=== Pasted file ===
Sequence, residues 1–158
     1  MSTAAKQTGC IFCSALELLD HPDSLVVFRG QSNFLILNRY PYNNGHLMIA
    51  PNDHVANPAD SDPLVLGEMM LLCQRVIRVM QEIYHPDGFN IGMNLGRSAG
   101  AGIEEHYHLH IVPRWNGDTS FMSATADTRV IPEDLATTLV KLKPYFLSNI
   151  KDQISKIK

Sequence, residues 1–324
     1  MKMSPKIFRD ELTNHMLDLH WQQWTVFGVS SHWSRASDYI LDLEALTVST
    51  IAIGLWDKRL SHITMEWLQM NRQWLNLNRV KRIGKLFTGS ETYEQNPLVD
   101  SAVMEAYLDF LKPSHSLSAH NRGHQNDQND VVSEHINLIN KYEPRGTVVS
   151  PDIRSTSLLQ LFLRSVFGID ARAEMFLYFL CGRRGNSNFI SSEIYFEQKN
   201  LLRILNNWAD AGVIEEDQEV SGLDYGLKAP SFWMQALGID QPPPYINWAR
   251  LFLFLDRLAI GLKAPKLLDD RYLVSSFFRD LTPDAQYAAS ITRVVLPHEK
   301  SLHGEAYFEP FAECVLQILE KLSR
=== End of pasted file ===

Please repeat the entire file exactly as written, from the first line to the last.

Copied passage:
Sequence, residues 1–158
     1  MSTAAKQTGC IFCSALELLD HPDSLVVFRG QSNFLILNRY PYNNGHLMIA
    51  PNDHVANPAD SDPLVLGEMM LLCQRVIRVM QEIYHPDGFN IGMNLGRSAG
   101  AGIEEHYHLH IVPRWNGDTS FMSATADTRV IPEDLATTLV KLKPYFLSNI
   151  KDQISKIK

Sequence, residues 1–324
     1  MKMSPKIFRD ELTNHMLDLH WQQWTVFGVS SHWSRASDYI LDLEALTVST
    51  IAIGLWDKRL SHITMEWLQM NRQWLNLNRV KRIGKLFTGS ETYEQNPLVD
   101  SAVMEAYLDF LKPSHSLSAH NRGHQNDQND VVSEHINLIN KYEPRGTVVS
   151  PDIRSTSLLQ LFLRSVFGID ARAEMFLYFL CGRRGNSNFI SSEIYFEQKN
   201  LLRILNNWAD AGVIEEDQEV SGLDYGLKAP SFWMQALGID QPPPYINWAR
   251  LFLFLDRLAI GLKAPKLLDD RYLVSSFFRD LTPDAQYAAS ITRVVLPHEK
   301  SLHGEAYFEP FAECVLQILE KLSR